A few facts about Azalea (banded HH):
Egg layed Feb 13
Egg hatched Mar 22
Banded HH April 22
Satellite transmitter fitted May 20
Fledged June 13
Left Norfolk Botanical Garden Aug 21
Azalea has proved to be quite independent and something of a loner. She took a long time to fledge and a longer time to finally leave her home natal territory. Other than one over night sojourn to Currituck County, NC, on Aug 17/18, she stayed closeby Norfolk Botanical Garden. When she did leave, it was a 100-mile direct flight to the shore of the Potomac River on the Virginia Northern Neck (Upper Peninsula). A surprise was that she spent so much time on the Wicomico River and near the mouth of the Potomac, rather than going to the known bald eagle concentration area at Caledon Natural Area about 30 miles further west and upstream on the Potomac. She did make a visit to the bald eagle concentration area on the Rappahannock River near Tappahannock, but stayed only two days.
Azalea has also spent a significant amount of time at two landfills in King & Queen County and Gloucester County. There is not much research data about how bald eagles use these landfills, so her visits are adding to our data base. Much more study needs to be done on this eagle behaviour.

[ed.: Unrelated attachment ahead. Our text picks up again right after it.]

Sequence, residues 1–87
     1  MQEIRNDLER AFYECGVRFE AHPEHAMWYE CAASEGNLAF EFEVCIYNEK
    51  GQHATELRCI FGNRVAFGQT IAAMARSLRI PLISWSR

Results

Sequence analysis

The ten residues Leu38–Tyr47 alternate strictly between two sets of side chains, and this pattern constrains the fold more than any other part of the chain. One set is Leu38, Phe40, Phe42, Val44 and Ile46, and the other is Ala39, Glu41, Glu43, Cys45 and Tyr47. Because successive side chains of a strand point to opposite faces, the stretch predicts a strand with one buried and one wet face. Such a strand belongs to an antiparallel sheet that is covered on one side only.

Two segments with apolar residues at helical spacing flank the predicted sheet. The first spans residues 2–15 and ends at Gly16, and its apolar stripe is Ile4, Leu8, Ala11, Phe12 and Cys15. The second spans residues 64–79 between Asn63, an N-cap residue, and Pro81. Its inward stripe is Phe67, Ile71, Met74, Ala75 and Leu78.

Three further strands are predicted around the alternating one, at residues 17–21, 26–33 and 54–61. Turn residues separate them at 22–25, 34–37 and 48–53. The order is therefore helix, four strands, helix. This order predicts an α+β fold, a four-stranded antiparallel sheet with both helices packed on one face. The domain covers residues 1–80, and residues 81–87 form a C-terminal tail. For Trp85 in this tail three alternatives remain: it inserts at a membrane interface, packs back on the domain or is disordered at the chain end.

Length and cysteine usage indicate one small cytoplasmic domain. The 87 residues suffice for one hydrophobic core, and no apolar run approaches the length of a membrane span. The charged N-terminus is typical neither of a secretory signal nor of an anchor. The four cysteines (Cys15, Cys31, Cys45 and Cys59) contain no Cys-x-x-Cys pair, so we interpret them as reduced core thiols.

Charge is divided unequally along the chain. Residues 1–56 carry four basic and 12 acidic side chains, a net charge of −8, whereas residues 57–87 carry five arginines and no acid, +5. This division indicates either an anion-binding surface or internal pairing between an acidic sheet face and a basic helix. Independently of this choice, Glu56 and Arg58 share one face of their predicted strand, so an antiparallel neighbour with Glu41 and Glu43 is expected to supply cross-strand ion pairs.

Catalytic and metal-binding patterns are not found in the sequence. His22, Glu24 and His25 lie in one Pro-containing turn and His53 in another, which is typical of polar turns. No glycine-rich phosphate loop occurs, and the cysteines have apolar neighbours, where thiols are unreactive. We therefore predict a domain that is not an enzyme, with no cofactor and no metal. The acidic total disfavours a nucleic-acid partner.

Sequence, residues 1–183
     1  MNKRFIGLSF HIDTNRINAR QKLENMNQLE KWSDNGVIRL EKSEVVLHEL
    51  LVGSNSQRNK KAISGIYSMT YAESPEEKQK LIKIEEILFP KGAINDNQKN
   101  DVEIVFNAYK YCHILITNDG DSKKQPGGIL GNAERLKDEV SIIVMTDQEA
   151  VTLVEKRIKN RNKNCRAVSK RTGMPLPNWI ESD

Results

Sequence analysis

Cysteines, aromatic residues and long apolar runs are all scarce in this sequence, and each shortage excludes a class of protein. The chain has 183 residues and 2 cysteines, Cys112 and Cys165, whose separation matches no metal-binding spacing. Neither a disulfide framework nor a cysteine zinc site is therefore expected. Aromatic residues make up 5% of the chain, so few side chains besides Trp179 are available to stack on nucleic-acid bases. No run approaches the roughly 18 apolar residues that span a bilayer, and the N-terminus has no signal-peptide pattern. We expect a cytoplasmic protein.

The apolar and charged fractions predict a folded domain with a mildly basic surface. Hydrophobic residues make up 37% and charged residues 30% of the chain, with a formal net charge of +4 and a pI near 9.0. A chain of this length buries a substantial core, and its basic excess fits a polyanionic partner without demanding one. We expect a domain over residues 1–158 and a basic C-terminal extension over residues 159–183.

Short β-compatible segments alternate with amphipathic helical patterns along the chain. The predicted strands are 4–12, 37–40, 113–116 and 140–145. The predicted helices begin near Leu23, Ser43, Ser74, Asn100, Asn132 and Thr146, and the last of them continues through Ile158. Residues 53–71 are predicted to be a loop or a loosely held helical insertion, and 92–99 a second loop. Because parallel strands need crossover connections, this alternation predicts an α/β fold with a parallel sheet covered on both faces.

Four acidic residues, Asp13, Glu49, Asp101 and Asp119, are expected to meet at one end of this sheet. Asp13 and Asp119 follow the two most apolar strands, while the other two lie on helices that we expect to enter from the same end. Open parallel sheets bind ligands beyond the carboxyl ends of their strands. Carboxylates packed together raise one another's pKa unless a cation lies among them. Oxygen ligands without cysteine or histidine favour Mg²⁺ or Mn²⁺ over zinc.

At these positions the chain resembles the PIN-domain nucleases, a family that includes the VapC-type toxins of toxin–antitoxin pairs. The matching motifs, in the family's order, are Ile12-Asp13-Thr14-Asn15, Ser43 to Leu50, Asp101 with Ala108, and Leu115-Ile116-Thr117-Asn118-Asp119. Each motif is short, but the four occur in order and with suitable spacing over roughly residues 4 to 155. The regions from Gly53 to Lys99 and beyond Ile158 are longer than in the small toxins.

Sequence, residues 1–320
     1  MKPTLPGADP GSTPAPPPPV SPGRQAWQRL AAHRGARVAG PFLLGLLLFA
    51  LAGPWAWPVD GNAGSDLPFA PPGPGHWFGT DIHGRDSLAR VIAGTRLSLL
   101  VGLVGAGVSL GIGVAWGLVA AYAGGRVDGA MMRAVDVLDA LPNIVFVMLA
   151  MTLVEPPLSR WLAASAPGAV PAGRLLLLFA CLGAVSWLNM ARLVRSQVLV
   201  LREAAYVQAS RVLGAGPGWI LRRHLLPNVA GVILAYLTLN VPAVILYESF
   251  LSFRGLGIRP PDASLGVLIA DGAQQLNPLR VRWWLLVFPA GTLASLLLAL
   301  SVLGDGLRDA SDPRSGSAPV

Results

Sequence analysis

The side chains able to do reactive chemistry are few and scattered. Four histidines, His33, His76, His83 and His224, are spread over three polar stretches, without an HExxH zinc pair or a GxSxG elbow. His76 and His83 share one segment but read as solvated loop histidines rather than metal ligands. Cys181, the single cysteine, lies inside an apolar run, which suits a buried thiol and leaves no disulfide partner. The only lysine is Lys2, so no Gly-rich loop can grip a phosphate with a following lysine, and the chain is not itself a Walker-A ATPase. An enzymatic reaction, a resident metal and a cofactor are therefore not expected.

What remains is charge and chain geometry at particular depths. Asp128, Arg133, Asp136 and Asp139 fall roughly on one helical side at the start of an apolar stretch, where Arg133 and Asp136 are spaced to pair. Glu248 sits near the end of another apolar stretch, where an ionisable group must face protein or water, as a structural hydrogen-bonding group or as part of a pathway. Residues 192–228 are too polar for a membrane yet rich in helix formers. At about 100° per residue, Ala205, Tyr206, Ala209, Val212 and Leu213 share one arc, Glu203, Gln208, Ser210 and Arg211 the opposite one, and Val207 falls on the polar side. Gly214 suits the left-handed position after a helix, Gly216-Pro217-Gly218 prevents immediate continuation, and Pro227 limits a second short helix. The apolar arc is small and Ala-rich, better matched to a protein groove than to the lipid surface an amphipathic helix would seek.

Azalea made a very brief trip back to the Hampton Roads area of Virginia on Dec 10-17, with a second even briefer flight into NC. During this trip she stayed mostly at Stumpy Lake City Golf Course and made two visits to a deer carcass in a farm field in Virginia Beach. As of year-end she has returned to the Middle Peninsula Landfill in Gloucester County. We look forward to following her travels in 2010.
Tags: 'Azalea' (HH), Caledon Natural Area, Currituck Co NC, Gloucester Co, Hampton Roads, King & Queen Co, landfill, map, NBG (Norfolk Botanical Garden), Northern Neck, Potomac River, Rappahannock River, Stumpy Lake, Tappahannock, timeline, Virginia Beach, Wicomico River